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We present 3 sporadic cases of a subacute to chronic, progressive motor (i.e. weakness, ataxia, spasticity, dysarthria, and dysphagia) and cognitive disorder in adults of both sexes, without proven immunocompromise or malignancy. Neuroimaging studies revealed tiny calcifications with atrophy of the cerebrum, pons, and midbrain in 1 patient, cerebral atrophy in another, and cerebral atrophy and periventricular white matter hyperintensities in the third. Clinical diagnoses included cortico-pontine-cerebellar degeneration, mixed neurodegenerative disorder, progressive supranuclear palsy, diffuse Lewy body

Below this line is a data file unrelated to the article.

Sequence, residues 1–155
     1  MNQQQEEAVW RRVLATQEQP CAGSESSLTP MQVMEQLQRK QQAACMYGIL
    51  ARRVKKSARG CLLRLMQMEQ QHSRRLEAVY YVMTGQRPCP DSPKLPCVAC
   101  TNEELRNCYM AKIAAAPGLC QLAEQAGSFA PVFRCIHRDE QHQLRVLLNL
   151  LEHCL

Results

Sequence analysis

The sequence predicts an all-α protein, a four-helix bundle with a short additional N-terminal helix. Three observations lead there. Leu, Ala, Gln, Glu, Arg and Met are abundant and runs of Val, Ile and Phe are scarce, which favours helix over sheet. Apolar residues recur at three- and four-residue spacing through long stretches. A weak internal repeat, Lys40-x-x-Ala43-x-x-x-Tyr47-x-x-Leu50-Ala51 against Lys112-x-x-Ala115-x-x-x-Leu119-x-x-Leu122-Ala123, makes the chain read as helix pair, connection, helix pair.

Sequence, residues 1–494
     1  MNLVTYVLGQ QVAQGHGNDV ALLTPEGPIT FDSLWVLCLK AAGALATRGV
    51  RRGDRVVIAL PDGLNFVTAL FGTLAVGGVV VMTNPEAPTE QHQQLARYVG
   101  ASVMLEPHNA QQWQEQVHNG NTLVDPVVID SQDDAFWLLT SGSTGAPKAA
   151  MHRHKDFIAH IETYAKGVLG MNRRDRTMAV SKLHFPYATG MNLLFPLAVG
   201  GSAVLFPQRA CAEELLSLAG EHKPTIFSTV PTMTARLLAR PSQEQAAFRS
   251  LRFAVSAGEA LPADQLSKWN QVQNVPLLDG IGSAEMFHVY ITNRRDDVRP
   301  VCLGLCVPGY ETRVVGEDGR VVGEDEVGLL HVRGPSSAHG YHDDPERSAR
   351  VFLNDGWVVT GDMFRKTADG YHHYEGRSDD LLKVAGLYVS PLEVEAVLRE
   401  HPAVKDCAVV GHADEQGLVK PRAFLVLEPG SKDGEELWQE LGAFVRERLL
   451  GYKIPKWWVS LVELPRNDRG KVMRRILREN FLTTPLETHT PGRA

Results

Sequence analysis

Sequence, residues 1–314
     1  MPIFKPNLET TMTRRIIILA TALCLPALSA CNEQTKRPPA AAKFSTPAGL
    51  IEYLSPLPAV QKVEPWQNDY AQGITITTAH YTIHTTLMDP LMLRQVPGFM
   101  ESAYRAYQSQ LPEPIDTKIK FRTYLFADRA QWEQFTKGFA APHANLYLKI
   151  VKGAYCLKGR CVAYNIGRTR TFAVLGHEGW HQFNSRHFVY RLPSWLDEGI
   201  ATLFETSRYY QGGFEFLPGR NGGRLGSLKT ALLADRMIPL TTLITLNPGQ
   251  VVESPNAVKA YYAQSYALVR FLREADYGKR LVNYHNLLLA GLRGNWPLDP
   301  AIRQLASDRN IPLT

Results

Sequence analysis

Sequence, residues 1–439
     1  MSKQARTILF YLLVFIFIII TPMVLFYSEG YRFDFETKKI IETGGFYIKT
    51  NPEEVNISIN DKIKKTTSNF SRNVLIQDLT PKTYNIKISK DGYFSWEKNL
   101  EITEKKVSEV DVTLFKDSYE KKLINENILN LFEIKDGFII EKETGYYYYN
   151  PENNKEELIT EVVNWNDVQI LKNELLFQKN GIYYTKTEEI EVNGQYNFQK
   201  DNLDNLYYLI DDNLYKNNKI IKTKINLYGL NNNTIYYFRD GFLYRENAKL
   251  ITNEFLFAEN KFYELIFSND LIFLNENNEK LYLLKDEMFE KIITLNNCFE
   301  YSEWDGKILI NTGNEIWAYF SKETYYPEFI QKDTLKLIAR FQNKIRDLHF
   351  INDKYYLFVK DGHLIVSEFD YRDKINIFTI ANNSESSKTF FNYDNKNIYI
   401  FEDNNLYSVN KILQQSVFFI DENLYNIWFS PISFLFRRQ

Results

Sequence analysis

Lyme disease. One atrophic brain revealed widely disseminated, millimeter-sized gray lesions in cerebral white matter and obscured anatomic markings of the basis pontis. The most conspicuous microscopic feature in all was capillaries with focally piled up endothelial nuclei, some of which appeared to be multinucleated, or enlarged, hyperchromatic crescentic single nuclei. Although seen mostly without associated damage, they were also noted with white matter lesions displaying vacuolation, demyelination, spheroids, necrosis, vascular fibrosis, and mineralization; these were most severe in the basis pontis. Immunostains and probes to herpes simplex virus-I, -II, and -8; adenovirus, cytomegalovirus, varicella-zoster, Epstein-Barr virus, measles, JC virus, and herpes hominis virus-6 were negative. Electron microscopy revealed no virions in endothelial cells with multilobed or multiple nuclei and duplicated basal laminae. However, mycoplasma-like bodies, mostly 400 to 600 nm in size, were found in endothelial cell cytoplasm and capillary lumina. Platelets adhered to affected endothelial cells. Polymerase chain reaction and immunohistochemistry of fixed samples for Mycoplasma fermentans were negative; other species of Mycoplasma remain viable pathogenic candidates.